Effective Python - 59 Specific Ways to Write Better Python.

Chapter 2 - Functions

Book by Brett Slatkin. Summary notes by Tyler Banks.

Item 14: Prefer Exceptions to Returning None

  • Instead of returning None as a return type, raise exceptions from helper functions. except them from the calling function
  • Functions returning None as a special meaning are error prone because None and other values like 0 or the empty string evaluate to False as well
In [65]:
#Bad
def divide(a, b):
    try:
        return a / b
    except ZeroDivisionError:
        return None
    
x, y = 0, 5 
result = divide(x, y)
if result is None:
    print('Invalid inputs')    
In [66]:
#Better
def divide(a, b):
    try:
        return a / b
    except ZeroDivisionError as e:
        raise ValueError('Invalid inputs') from e
        
x, y = 5, 2
try:
    result = divide(x, y)
except ValueError:
    print('Invalid inputs')
else:
    print('The result is %.1f' % result)
The result is 2.5

Item 15: Know How Closures Interact with Variable Scope

  • Python suports closures: functions that refer to variables from the scope in which they were defined. The helper functions are able to access the group argument, shown below.
  • Functions are first-class objects. You can refer to them directly, assign them to variables, pass them as arguments to functions, compare them with if statemens. Sort method below is accepting helper function.
In [67]:
def sort_priority(values, group):
    def helper(x):
        if x in group:
            return (0, x)
        return (1, x)
    values.sort(key=helper)

When referencing a variable, the interpreter will traverse the scope in the following order

  1. Current function scope
  2. Any enclosing scopes (other containing functions) (above)
  3. Scope of the module that contains the code (global scope)
  4. The built-in scope (that contains functions like len and str)

If no places have the defined variable NameError exception is raised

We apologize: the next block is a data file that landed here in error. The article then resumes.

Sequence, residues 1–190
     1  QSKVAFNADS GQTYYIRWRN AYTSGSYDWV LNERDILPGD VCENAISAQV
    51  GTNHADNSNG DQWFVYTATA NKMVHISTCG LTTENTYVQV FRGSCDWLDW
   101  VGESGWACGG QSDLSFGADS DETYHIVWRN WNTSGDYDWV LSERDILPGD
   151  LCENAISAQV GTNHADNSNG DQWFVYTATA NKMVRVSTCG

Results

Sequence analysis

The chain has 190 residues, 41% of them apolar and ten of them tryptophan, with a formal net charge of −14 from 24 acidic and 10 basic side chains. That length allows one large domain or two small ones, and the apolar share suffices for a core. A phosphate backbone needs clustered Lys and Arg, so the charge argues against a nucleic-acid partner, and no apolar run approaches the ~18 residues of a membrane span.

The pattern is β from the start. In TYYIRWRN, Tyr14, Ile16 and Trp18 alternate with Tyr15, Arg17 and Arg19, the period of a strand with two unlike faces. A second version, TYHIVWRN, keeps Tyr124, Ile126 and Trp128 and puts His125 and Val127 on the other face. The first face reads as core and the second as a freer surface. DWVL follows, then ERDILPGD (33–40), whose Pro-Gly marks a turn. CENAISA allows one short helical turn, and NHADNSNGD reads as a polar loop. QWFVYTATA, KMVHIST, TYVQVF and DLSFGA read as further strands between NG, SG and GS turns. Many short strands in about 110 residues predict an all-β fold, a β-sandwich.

• Assignment works differently, if the variable doesn't exist in the current scope Python treats the assignment as a variable definition
  • Example:
In [68]:
def sort_priority2(numbers, group):
    found = False # Scope: 'sort_priority'’
    def helper(x):
        if x in group:
            found = True # Scope: 'helper' this is bad!
            return (0, x)
        return (1, x)
    numbers.sort(key=helper)
    return found

To fix this, use nonlocal

  • NOTE: nonlocal does not resolve up to the module level
In [69]:
def sort_priority3(numbers, group):
    found = False
    def helper(x):
        nonlocal found
        if x in group:
            found = True
            return (0, x)
        return (1, x)
    numbers.sort(key=helper)
    return found
  • The author cautions against using nonlocal in most cases outside simple functions like this

Item 16: Consider Generators Instead of Returning Lists

Considering the following code that returns a list of indexes for the start of each word

In [70]:
def index_words(text):
    result = []
    if text:
        result.append(0)
    for index, letter in enumerate(text):
        if letter == ' ':
            result.append(index + 1)
    return result

words = 'This is some text to test'
result = index_words(words)
print(result[:])
[0, 5, 8, 13, 18, 21]

Problems:

  • Noisy and dense
  • With each new result the append method is called

Resolution:

  • Use a generator
  • Generators use yeild expressions
  • A generator returns an iterator instead of the result
  • With each call to the built-in next funtion the iterator will advance the generator to its next yield statement